Toyota’s recent recalls have the once-lauded company scurrying. Through this crisis, however, another Western market entrant, Tata Motors, should take notice:
About a year ago, when the Tata Nano was unveiled in India, I penned a column (link here) that argued Tata’s strategy in creating this car was to not only stimulate demand (and government action to build roads) in India, but also to selectively target key international automobile markets.
As one of India’s–and the world’s–most venerable conglomerates, The Tata Group has designs on the key U.S. and European markets. Surely, it can sell its teas and even consulting services in the U.S. but when it comes to cars, it is not as straightforward. To date, Tata Motors’ approach has been to slowly lay the groundwork for the “Nano” to infiltrate the U.S. market, as the company is betting on the American consumer’s appetite for a smaller, more efficient car to grow inversely to his/her wallet size.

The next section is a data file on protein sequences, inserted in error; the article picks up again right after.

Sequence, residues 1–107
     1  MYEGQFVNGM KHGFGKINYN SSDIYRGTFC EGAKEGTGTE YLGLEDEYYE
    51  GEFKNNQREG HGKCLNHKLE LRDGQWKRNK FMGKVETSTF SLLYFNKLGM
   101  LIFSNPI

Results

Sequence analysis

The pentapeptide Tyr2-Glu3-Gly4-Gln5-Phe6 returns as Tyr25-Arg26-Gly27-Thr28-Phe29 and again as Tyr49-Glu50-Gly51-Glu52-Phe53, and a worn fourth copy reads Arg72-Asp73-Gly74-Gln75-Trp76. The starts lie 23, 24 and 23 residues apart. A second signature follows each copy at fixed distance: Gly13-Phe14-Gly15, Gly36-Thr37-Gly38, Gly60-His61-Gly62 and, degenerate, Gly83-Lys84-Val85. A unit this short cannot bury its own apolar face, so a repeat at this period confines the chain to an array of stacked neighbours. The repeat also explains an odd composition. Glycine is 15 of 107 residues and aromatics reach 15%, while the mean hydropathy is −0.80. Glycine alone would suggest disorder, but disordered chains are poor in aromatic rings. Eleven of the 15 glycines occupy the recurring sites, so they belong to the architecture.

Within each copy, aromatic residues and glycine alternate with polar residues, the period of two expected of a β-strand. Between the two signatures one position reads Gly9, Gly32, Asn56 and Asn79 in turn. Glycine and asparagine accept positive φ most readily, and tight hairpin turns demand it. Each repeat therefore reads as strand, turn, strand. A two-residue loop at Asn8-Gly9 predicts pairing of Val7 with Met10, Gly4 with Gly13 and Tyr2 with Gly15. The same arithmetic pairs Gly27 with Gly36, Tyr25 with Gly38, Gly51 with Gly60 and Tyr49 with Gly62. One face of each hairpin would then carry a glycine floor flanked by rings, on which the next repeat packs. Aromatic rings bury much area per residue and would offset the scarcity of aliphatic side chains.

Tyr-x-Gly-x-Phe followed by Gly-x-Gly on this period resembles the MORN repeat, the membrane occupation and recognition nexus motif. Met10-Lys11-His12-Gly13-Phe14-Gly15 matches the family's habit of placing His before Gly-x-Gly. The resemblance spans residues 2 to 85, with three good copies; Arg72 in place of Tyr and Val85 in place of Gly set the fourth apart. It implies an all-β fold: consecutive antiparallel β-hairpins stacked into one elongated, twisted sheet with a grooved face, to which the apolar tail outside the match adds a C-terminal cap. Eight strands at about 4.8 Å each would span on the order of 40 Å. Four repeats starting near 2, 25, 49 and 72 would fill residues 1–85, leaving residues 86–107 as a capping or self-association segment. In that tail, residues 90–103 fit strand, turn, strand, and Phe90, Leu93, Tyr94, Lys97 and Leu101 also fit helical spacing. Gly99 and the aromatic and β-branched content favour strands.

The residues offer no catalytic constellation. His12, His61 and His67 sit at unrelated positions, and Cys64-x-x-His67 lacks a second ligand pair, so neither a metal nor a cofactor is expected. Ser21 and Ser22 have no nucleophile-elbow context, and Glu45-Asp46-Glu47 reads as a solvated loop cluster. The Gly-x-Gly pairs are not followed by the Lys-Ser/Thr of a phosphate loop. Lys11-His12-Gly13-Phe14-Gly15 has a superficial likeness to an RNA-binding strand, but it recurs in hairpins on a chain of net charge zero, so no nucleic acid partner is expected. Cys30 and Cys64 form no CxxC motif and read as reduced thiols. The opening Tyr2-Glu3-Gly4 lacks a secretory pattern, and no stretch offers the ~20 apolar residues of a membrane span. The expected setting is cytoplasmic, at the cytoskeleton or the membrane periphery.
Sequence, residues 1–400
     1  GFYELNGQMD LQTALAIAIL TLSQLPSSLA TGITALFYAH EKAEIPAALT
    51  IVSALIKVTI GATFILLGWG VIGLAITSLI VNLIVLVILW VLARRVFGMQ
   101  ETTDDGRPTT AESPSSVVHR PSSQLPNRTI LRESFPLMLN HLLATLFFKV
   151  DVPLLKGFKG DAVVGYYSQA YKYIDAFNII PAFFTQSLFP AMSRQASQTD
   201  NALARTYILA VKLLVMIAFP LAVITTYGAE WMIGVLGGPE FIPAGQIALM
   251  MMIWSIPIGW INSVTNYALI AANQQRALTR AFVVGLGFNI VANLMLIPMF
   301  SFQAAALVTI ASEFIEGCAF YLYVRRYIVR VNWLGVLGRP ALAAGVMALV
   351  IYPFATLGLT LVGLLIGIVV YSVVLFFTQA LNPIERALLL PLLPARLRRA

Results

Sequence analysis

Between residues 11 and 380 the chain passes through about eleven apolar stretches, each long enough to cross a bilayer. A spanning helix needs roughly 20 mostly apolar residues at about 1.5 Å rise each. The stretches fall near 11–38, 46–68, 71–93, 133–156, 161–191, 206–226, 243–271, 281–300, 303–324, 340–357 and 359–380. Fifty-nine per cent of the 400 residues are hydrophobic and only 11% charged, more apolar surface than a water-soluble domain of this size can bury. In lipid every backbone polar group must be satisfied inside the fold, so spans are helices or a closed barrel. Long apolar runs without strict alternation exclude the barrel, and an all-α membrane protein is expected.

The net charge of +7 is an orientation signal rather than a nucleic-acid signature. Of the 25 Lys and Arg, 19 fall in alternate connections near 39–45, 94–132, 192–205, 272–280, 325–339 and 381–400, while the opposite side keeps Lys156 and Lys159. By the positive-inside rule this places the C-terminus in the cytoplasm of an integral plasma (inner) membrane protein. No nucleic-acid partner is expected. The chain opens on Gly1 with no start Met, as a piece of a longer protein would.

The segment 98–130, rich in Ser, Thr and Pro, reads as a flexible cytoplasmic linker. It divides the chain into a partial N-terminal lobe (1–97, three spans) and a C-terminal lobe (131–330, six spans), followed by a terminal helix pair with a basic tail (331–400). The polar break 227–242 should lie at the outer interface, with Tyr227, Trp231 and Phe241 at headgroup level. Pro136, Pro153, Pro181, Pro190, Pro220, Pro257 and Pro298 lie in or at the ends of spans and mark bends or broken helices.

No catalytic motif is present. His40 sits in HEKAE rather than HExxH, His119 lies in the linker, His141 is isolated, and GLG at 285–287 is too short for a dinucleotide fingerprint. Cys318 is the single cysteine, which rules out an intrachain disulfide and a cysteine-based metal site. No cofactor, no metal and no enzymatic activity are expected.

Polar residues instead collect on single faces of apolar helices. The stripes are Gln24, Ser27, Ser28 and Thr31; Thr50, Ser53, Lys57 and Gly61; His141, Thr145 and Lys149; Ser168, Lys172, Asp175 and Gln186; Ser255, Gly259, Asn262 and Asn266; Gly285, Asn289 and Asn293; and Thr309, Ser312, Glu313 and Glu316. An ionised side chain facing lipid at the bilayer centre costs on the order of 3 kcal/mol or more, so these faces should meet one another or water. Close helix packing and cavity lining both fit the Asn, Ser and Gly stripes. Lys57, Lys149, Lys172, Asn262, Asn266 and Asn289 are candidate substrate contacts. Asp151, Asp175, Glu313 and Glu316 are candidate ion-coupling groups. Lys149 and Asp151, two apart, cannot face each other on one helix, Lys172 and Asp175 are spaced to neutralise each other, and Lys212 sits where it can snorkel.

The risk for Tata Motors, especially on the heels of its irrationally exuberant acquisition of Jaguar/Land Rover, is that for a huge, diversified company to enter a blue chip market with an automobile is very risky, even more so when that company intends to sell other, non-auto related products to western customers. So, as the executives at Tata Motors work on their U.S. rollout plans, they should be glued to the TV, radiowaves, and Twitterverse to figure out how Toyota, a company that Tata Motors would one day aspire to be, handled such a public and potentially company-crushing crisis.